Gender classification from speech using convolutional networks augmented with synthetic spectrograms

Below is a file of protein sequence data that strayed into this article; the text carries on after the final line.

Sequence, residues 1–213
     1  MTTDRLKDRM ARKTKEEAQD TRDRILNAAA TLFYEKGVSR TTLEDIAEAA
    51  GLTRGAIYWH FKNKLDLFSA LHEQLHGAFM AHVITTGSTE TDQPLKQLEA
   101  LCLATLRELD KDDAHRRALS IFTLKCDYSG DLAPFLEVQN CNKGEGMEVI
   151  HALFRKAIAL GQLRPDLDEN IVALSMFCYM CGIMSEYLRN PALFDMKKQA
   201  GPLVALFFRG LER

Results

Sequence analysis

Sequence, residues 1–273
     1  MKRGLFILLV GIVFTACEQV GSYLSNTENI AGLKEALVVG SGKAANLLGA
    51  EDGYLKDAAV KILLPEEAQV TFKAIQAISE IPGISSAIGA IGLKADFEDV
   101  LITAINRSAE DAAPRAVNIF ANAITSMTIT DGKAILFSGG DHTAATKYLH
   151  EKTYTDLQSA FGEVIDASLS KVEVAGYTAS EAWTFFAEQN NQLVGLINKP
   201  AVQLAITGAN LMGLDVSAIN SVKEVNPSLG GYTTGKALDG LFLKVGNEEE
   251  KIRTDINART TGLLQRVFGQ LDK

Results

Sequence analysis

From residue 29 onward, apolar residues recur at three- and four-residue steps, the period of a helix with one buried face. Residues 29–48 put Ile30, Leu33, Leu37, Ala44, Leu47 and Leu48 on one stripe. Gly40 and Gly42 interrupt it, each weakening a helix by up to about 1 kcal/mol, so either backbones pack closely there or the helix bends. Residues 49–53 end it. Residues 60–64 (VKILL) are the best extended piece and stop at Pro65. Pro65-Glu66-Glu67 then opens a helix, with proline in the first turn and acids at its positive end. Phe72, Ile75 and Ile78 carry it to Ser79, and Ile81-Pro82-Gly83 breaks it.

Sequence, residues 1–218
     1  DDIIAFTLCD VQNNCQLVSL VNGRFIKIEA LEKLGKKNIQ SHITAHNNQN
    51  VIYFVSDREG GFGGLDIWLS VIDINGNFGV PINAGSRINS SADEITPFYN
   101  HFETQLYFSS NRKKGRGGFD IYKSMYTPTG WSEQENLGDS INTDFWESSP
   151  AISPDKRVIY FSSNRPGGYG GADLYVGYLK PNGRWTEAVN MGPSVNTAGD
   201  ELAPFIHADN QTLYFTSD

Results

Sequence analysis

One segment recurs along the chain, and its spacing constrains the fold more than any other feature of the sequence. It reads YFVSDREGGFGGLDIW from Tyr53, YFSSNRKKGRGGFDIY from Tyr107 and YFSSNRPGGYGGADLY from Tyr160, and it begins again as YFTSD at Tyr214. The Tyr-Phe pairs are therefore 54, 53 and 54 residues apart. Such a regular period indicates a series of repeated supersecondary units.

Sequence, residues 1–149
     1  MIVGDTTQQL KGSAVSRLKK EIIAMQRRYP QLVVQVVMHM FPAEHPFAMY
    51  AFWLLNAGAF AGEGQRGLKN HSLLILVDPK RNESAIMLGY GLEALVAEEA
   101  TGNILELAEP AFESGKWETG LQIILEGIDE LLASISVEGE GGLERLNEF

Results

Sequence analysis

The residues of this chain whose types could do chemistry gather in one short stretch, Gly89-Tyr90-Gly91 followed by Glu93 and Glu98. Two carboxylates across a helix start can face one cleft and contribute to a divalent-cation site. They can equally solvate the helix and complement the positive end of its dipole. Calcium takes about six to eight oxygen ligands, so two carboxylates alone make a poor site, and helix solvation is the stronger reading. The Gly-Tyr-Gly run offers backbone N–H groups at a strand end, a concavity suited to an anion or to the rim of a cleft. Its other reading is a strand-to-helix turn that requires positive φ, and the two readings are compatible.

Automatic gender classification from speech is an integral component of human-computer interfaces. Gender information is utilized in user authentication, speech recognizers, or human-centered intelligent agents. This study focuses on gender classification from speech spectrograms using AlexNet-inspired 2D convolutional neural networks (CNN) trained on real samples augmented with synthetic spectrograms. A generative adversarial network (GAN) is trained to produce synthetic male/female-like speech spectrograms. In limited training data experiments on LibriSpeech, augmenting a training set of 200 real samples by 800 synthetic samples reduces equal error rate of the classifier from 23.7% to 1.0%. To further test the ‘quality’ of the generated samples, in a subsequent experiment, the real training samples are progressively replaced (rather than augmented) with synthetic samples at various ratios from 0 (all original samples preserved) to 1 (all original samples replaced by synthetic ones). Depending on the system setup, substituting between 50% to 90% of the original samples with the synthetic ones is found to have a minimal impact on the classifier performance. Finally, viewing the input CNN layers as filters that select salient spectrogram features, the learned convolutional kernels and filter outputs are studied to understand which spectrogram areas receive a prominent attention in the classifier.
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